Good evening traveler! Vlad here to serve you… and by the way this is our 100th post!
I was just opening the blog admin panel to write this post as someone no need being *cough* Rasmus *cough* mentioned that we were not updating Bruce Ali’s journal… well that is true and the reason for it is that this week was still slow unfortunately but for wonderful reasons, most of them at least.
Hajime is now on Flash Game License for developer viewing only currently which is an important milestone. All objectives related to the Nape wrapper are met and now it’s time to solve the bliting part in order to have gameplay.
Looking back I feel I’m a week late, but with stuff I would need in some weeks already done, so maybe I feel we’re late, but it will payoff later. Right now I don’t know… still… while a lot of people were complaining about their jobs I was coding a box that explodes when it hits the floor… this has to be the best job ever!
Oh… click the stage to restart the simulation.
Vlad here to make a balance of this first week of development. It was my plan to show the power of Nape wrapped in Bold Pixel but it was not possible. So I decided to write a balance, sort of a week post-mortem!
What went right
Nape went right! I couldn’t be happier about it! It seems that Luca didn’t forget anything.
The project is superbly organized. From a coder point of view, everything is accessible and integrated, I managed to have debug, release and testing projects all-in-one (should make a tutorial about that!) in Flash Develop and that really raises my current and future productivity to a whole new level. We’ll see how it works for Marco and David, but I think it will be alright.
What went wrong
Basically, it was a slow start. The physics wrapper is in the “almost there” for a couple of days, which means it is taking a couple of days too long. There is a good side though since objective for the wrapper at this point was to just start it and almost all functionality is present and totally abstracted, so we might squeeze some development time from it in the future.
Both me and Marco had some non-Bruce-Ali stuff to manage… that took some time too, but it was worth it since it would bug us sooner or later, so might as well be sooner!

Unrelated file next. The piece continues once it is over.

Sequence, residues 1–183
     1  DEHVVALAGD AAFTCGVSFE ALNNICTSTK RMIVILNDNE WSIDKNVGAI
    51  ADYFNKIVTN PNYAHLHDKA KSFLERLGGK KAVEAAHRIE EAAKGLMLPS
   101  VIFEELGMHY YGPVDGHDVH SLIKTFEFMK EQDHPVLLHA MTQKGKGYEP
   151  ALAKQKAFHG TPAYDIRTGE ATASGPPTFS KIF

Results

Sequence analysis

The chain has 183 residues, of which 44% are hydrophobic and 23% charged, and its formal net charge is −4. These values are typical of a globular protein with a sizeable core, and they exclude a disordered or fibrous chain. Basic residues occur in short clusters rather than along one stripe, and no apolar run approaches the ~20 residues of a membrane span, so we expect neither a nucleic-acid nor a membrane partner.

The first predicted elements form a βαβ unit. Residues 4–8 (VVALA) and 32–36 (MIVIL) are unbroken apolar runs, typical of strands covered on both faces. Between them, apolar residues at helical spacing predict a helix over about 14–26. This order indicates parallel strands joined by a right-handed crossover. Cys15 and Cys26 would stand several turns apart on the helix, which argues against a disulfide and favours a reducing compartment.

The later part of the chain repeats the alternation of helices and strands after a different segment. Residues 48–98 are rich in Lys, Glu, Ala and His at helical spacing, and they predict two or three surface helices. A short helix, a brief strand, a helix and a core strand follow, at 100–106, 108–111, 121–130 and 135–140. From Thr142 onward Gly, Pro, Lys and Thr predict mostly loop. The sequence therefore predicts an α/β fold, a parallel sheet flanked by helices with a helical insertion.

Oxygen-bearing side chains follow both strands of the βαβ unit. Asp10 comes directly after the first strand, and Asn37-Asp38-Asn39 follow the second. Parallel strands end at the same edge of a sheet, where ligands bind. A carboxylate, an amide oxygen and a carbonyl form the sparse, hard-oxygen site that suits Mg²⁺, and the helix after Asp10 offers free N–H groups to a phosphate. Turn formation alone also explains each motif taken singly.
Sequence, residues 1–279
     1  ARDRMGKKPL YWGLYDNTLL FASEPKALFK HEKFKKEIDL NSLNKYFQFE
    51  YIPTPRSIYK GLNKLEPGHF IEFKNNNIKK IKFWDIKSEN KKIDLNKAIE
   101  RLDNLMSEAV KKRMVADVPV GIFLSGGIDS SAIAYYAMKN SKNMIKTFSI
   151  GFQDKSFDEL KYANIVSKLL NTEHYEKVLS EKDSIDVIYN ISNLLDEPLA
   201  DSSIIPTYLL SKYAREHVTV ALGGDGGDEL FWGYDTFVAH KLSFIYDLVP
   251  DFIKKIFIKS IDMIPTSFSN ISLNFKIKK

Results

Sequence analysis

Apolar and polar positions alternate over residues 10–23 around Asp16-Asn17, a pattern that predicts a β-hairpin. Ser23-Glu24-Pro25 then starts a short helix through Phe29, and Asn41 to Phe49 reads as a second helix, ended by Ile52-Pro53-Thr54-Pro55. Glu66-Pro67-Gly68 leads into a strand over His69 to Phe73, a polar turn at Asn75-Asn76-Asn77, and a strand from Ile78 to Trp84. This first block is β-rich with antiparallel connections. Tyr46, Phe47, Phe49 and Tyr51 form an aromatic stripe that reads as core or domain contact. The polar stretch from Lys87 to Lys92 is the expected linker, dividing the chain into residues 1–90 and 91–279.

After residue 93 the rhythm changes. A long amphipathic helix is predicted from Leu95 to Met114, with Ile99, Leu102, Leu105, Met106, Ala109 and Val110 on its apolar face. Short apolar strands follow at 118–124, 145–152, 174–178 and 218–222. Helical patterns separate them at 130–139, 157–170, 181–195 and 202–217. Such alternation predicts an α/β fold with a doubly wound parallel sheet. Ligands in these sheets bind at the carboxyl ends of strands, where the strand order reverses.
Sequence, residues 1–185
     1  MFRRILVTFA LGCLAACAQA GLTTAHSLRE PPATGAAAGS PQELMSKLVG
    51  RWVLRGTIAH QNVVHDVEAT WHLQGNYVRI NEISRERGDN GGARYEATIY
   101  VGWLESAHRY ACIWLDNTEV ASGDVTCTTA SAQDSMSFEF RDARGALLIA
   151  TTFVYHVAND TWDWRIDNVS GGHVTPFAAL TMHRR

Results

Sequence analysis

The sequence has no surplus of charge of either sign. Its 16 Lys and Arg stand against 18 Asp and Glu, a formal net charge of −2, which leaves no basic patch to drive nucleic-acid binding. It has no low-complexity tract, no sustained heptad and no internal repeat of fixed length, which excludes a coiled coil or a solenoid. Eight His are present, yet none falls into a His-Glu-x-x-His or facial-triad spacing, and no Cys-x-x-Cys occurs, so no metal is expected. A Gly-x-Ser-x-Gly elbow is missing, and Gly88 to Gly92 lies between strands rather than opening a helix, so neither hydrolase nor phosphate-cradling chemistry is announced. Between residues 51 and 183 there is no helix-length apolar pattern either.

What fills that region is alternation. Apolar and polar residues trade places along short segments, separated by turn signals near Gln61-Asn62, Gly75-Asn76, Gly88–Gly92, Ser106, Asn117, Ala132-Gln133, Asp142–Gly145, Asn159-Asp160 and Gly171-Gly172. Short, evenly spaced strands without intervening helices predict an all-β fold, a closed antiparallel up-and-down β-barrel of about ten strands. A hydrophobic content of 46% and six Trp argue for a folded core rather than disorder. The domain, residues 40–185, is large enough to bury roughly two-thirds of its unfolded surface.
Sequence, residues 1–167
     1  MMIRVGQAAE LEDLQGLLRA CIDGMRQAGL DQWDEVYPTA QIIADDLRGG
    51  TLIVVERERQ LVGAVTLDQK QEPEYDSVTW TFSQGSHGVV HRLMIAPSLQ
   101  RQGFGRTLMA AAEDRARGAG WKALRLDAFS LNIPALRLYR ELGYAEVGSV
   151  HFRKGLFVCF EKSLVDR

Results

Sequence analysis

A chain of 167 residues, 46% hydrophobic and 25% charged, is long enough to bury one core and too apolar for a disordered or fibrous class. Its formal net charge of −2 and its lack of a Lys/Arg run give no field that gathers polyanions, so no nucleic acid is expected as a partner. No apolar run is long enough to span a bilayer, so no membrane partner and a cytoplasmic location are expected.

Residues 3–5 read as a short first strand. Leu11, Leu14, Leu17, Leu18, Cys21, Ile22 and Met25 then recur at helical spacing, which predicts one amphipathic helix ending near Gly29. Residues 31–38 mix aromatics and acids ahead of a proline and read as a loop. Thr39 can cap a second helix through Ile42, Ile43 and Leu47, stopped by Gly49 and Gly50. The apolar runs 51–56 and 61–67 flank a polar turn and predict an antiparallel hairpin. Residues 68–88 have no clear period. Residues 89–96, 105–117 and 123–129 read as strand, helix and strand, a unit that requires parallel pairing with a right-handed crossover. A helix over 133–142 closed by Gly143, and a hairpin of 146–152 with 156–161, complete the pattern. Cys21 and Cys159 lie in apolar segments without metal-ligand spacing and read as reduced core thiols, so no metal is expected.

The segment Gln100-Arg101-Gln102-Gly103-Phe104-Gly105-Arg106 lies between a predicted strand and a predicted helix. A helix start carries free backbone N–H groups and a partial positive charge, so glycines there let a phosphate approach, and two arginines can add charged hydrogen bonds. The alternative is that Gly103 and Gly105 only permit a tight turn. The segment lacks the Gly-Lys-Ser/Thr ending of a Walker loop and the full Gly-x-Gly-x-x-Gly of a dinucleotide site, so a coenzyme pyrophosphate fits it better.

I really want to move on to the gameplay. That will introduce several systems Marco wants to use and that I want to build ASAP.
On a personal note, I admit I feel somewhat rusty… too much time without developing any larger game project I guess, but I’m hoping (and this is mostly a personal desire) that during next week I can shape up again.
See you again next week!
Nape wrapper is almost wrapped… pun intended, but first, apologies for the missed day 3. While Marco was working on the Hajime trailer I was surfing the waves of wrapping a physics engine. Before moving forward, a big thank you to deltaluca for helping out!
Although not necessarily final, the current wrapper consists of:
This class basically controls the behavior of Nape’s space. Due to its nature, Nape wants simple things to be done quite often, for instance, if you want to change gravity, you need to wake all objects. Core does these small things for you.
Physics entities basically wrap Nape’s bodies. The abstract entity (if you don’t recall how we are using abstract classes in Bold Pixel, check this out) will offer most if not all of the functionality. Although this means that the class is not really abstract, it also means that classes that inherit from this can and should be used as presets. Currently we have a simple box, simple circle, core walls and a explosion.
As time goes by more and more presets will be built, that’s the whole beauty of it!
This class allows for fine lines to appear on screen so we can degub objects positions and so on. Quite useful for blit, not that useful for display objects since it uses Nape’s assignGraphic method. The debug view observes if there is a display object assigned before drawing the debug sprites. This means that if a object is already skinned, it won’t have a debug sprite.
A simple test
The SWF below uses the wrapper exclusively. The walls are a non-skinned PhysicsCoreWalls object. The light wood boxes are also non-skinned so we can see the debug sprite, but the bitmap is handled manualy. The objective of this is to show how blit objects will look if debug sprite is present. The dark wood boxes and the rock circles are a normal body with a assigned graphic, so, no debug sprite is created.
Plans for tomorrow: have a bang with Nape… almost literally! Until then, click the SWF underneath to watch a simple simulation.
Click the SWF above to see the test…